The situation isn't quite as bad as this video makes it out to be - but then we're not looking in San Francisco, but in Silicon Valley. The data I've found shows that housing costs are even worse in San Francisco than what we've seen in househunting.
This situation has me, a 24+ year resident of Silicon Valley, angry as heck at being priced out of the market. But it's becoming insane to stay here, so while we've found a place that isn't too exorbitantly outrageous, we're probably not staying beyond the 1 year lease and will be moving somewhere more affordable.
A great example of the insanity is the current asking price to rent a cottage that I myself rented 10 years ago. It's a 500 square foot cottage, with no land, sharing a piece of property with three other cottages. It's located in Old Town Mountain View, 2ish blocks from Castro Street, which made it a highly attractive place to live. Want world class food? Just walk 5 minutes to Castro and let your nose lead you to the chosen restaurant. At that time, I moved out 10 years ago after 2 years in the cottage, the rent was $1000 per month. Actually, it started at $1100 per month, but after a year the landlord sent me a letter explaining the market rate meant the rent was being decreased to $1000 per month. Yup, a landlord of their own free will decreasing the rent. Fast forward to today, and a month ago I found that same cottage on Craigslist and the asking price was $2500 per month, making for a $1500 per month jump in 10 years.
We were simply unable to find a house, or cottage, or townhouse - nothing that's a detached unit with land you could garden - within our threshold of affordability. That is, below $1800 per month rent. Even if we broadened the search to a maximum of $2000 per month rent, all that we found was apartments in apartment complexes, and mostly shabby ones at that. We found some places for $1400-1500 but the neighborhoods were almost invariably unsafe.
In February we did find some cottages below $1800, including the one we rented - a 500 square foot 1 bedroom place which went for $1525. It's on a property shared by a couple other houses, and a large Victorian mansion that's been subdivided into four units. Going by what we're seeing in the market now, the going rent for this cottage would be over $1800.
At the same time, just 30-40 miles away in the East Bay area (Hayward, Union City, Fremont) prices are significantly less. There's a large quantity of 2 bedroom townhouses available for about $1600 a month, for example. There's even some houses with land available for under $1800. We considered these places, and in the end decided to stay near friends and other connections we value.
A couple weeks ago I wanted more than just handwaving facts like those. I thought surely someone must be tracking rents and giving reports on the trends. Turns out there's a little industry of commercial reports on rental price trends that are used by landlords to know when to change prices, and by how much. What's published in the open is not so useful, but it did confirm the suspicion. Silicon Valley housing costs have become insane.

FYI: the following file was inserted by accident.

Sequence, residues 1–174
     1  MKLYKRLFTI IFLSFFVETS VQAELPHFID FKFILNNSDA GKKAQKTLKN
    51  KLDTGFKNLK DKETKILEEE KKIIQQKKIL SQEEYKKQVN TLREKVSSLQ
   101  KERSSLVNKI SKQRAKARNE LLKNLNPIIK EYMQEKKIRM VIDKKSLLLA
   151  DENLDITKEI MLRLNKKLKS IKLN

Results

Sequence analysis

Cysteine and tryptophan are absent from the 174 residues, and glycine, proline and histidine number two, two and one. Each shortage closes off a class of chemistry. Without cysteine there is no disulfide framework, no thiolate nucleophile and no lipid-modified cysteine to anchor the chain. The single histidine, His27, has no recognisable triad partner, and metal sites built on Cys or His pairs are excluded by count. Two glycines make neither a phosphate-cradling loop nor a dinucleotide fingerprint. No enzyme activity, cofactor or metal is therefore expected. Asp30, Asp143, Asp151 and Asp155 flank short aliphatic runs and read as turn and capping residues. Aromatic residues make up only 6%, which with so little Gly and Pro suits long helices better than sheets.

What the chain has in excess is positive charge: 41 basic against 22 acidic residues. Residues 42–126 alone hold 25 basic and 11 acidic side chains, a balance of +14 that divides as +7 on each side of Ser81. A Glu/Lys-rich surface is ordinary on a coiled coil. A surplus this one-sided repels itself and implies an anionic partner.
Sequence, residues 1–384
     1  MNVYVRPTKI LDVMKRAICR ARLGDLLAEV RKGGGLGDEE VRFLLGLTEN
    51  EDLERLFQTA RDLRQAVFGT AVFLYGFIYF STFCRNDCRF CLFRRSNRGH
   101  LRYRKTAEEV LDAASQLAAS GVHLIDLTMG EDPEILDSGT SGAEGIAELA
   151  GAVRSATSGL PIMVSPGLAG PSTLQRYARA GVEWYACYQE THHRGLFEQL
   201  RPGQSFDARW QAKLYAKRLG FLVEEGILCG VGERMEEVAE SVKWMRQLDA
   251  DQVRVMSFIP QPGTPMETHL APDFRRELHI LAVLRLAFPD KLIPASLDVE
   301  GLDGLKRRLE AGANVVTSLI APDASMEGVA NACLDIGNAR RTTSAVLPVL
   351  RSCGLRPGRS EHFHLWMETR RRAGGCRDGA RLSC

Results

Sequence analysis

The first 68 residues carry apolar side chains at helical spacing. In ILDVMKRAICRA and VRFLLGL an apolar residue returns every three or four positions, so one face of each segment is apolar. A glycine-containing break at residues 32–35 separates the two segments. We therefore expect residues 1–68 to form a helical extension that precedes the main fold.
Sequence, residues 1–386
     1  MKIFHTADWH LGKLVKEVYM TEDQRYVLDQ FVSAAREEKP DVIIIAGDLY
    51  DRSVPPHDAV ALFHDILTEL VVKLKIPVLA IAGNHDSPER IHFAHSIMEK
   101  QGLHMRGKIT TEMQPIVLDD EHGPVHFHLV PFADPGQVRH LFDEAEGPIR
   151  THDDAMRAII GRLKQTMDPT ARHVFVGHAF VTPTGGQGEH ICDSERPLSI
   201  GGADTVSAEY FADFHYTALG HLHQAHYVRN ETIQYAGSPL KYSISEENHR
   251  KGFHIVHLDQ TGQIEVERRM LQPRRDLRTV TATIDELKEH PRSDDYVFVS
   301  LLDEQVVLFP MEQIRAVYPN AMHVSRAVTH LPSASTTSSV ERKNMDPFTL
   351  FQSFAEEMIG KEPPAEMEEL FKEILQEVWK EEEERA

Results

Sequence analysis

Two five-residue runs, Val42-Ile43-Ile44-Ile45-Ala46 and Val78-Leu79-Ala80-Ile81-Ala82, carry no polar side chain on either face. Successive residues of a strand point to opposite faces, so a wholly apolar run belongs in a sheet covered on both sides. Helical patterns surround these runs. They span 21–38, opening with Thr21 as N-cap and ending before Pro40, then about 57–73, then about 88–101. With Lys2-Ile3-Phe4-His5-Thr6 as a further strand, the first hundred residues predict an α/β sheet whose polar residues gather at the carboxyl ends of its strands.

All the charts below are for apartment rentals (not houses) over the last 12 months, ending June 30, 2014. I've included charts for various cities around the SF Bay Area, and for comparison a couple places in the Saint Louis area.
The SF Bay Area is showing some wild price swings, and for the most part ever-increasing prices. As we saw in our house search, Hayward is significantly less costly than other areas. We went to Hayward and looked at a couple places, but just the process of getting there demonstrated the difficulty of then staying in contact with our people back in Silicon Valley.
Overall the prices in the SF Bay Area are on an increasing trend. Considering the boom in technology companies - the Google or Facebook millionaires - and the rapid influx of new technology workers, yes of course the prices are on a strong upward trend. There's a huge demand for housing here, with not enough supply, even though we saw dozens of housing complexes being built.
We managed to have frank conversations with some of the rental agents. Every one of them admitted to how insane prices have become, and some even admitted to feeling embarrassed by the prices they're having to quote to prospective tenants. At the same time they all told of the huge competition for housing, that people are renting apartments sight-unseen, even moving cross country without ever seeing the apartment. The majority of rental agreements is now occurring that way.
You'll see in many of these charts a price dip in February. One agent described that as a yearly pattern where during the "holidays" (November-December) there isn't much house hunting activity, and by February prices will have eroded. That same fellow said that in any case the long term trend is upward.
Another impact on the local market is those who lost their houses during the financial bubble in 2008-9. With damaged credit ratings they're unable to get back into owning a house for awhile, putting pressure on the rental market.